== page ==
PLANS to merge an affluent village into a community deemed  to have ‘high crime, high unemployment and countless social issues’ have been slammed.

Residents from the historic Hale Village have described plans to ‘lump’ it with the neighbouring area of Ditton, Widnes, as ‘an act of vandalism’ in a lengthy list of staunch objections.

The shake-up has been proposed as part of a review of the ward boundaries in Halton and – if passed – will see Hale, currently its own ward with one elected representative, become part of a larger ward spanning the industrial areas of Halebank and Ditton.

But proud Hale residents are concerned the planned merge will have an adverse effect on the  'cultural character' of their distinct  village, described by many as the 'jewel of Halton' and a ‘rural oasis’.

One objection said: “To further degrade this township by anonymising it into a mini conurbation with Halebank and Ditton would be the act of a vandal. If that were to happen, I can envisage that, before too long the original township would be swallowed up into a blob at the south end of Liverpool although, save for the wholly incorrect postcode.”

Another said: “Could you explain why it’s been proposed to force a thriving community in Hale to join an area with high crime rates, high unemployment, low levels of health and countless social issues? This proposal is unfair and unwanted by the people who live here.”

A third person said:  “These three areas have little in common and the uniqueness of Hale Village with its historical heritage is in danger  of being swallowed up in urban sprawl.”

The objections have been submitted to the Local Government Boundary Commission for England (LGBCE) , who have proposed to re-draw the electoral map of Halton so that each ward contains roughly the same number of voters.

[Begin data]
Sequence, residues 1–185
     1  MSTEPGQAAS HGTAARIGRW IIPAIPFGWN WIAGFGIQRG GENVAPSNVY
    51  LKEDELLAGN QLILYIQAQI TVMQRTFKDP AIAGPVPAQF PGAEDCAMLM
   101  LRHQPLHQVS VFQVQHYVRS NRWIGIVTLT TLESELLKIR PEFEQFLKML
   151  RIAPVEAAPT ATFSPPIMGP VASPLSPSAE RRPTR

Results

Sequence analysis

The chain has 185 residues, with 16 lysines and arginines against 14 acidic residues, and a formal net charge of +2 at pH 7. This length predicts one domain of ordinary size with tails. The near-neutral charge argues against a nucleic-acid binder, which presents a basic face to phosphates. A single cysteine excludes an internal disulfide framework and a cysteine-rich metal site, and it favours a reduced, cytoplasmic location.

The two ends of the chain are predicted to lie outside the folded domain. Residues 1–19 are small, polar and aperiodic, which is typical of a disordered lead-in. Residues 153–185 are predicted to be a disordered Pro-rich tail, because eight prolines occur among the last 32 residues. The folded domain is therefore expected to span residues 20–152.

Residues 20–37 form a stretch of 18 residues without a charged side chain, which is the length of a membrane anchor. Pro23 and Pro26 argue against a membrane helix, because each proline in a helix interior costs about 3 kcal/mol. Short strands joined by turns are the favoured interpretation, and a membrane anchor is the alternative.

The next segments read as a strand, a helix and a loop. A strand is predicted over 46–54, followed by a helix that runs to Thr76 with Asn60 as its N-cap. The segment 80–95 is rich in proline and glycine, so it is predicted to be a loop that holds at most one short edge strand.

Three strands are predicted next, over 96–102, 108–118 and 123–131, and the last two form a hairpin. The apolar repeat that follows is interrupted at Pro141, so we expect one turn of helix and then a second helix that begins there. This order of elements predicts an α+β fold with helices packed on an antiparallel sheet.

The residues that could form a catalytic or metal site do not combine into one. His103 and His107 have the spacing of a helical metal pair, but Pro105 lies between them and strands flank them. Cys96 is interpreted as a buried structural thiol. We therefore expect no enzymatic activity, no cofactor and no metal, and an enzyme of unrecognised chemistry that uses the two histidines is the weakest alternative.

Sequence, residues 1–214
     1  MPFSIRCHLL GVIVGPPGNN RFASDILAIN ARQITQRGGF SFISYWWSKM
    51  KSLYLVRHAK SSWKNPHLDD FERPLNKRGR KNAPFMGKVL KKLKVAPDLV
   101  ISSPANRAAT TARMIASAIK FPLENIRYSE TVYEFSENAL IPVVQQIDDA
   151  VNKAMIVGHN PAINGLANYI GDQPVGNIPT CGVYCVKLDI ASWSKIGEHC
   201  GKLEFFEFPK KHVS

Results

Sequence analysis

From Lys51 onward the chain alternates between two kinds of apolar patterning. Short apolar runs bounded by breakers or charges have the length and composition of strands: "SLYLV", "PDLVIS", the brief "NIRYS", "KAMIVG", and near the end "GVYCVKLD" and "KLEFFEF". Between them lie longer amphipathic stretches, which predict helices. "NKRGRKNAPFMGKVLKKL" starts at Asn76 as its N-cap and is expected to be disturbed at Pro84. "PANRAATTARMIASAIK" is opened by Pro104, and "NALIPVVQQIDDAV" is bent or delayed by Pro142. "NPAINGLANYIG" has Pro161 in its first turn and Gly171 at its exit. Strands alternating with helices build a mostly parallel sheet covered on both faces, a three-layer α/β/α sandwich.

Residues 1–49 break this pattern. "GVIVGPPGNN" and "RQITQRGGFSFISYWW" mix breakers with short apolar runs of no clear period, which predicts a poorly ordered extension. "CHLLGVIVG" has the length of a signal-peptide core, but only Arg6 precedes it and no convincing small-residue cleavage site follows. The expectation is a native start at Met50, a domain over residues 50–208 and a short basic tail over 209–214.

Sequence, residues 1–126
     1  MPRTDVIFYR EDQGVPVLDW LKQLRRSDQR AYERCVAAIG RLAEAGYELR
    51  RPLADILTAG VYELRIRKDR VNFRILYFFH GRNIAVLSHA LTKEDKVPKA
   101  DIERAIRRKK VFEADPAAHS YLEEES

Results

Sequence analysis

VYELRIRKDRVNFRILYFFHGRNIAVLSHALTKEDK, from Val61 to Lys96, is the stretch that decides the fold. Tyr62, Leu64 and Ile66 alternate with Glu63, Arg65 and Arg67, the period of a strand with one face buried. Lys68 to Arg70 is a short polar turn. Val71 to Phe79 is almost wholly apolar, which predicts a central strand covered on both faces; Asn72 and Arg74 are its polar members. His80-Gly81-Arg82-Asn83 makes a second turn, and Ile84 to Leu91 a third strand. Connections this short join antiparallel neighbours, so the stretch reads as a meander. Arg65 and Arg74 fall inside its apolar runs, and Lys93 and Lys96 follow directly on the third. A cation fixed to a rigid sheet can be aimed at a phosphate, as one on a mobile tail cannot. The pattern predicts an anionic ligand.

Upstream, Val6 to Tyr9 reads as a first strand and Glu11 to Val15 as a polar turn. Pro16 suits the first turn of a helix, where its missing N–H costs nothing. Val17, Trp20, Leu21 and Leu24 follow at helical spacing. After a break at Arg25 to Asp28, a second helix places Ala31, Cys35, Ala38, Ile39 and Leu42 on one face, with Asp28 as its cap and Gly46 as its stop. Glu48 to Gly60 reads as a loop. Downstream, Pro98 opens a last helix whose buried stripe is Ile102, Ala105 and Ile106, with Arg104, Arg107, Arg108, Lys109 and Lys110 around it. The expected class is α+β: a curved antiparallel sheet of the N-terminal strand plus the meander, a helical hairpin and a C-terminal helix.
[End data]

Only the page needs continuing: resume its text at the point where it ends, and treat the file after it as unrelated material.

One objection was submitted by a resident of Hale who claimed he had been attacked by a gang of youths from Ditton, and accused the population of Ditton as having ‘no respect for the police.’

Luke Trevaskis, Chair of Hale Parish Council said: “The new proposed ward pattern would serve as a direct conflict to the effective representation of Hale, proving unmanageable, disordered and incoherent for Councillors and residents alike.

“Driving past two miles of unrestricted farmland and marshes, over Rams Brook and into the village, provides a clear sense of arrival into Hale’s community and it is difficult to understand how Hale can adjoin Ditton and successfully realise community solidarity with such a distance present.

“Personally I have a number of ambitions to see Hale continue to prosper and thrive as a vibrant ward and I would  ask the Commission to consider how important Hale’s identity is to its current economy and the predisposition of its parishioners.”

Over 50 objections were submitted to the boundary commission regarding on the Hale/Ditton proposals alone.

While the majority of objections have been sent in by residents of Hale, some from Ditton also had their say and don’t appear too thrilled by the prospect either.

One said: “It is not a place where people are made to feel welcome and its a nightmare to get to unless you wait hours for the bus or walk down dangerous raods with no pavements. ”

The Boundary Commission has decided to hold a second consultation regarding the draft proposals between May 7 and June 3.

A final recommendation for how the new map of Halton should look will be published by July 30.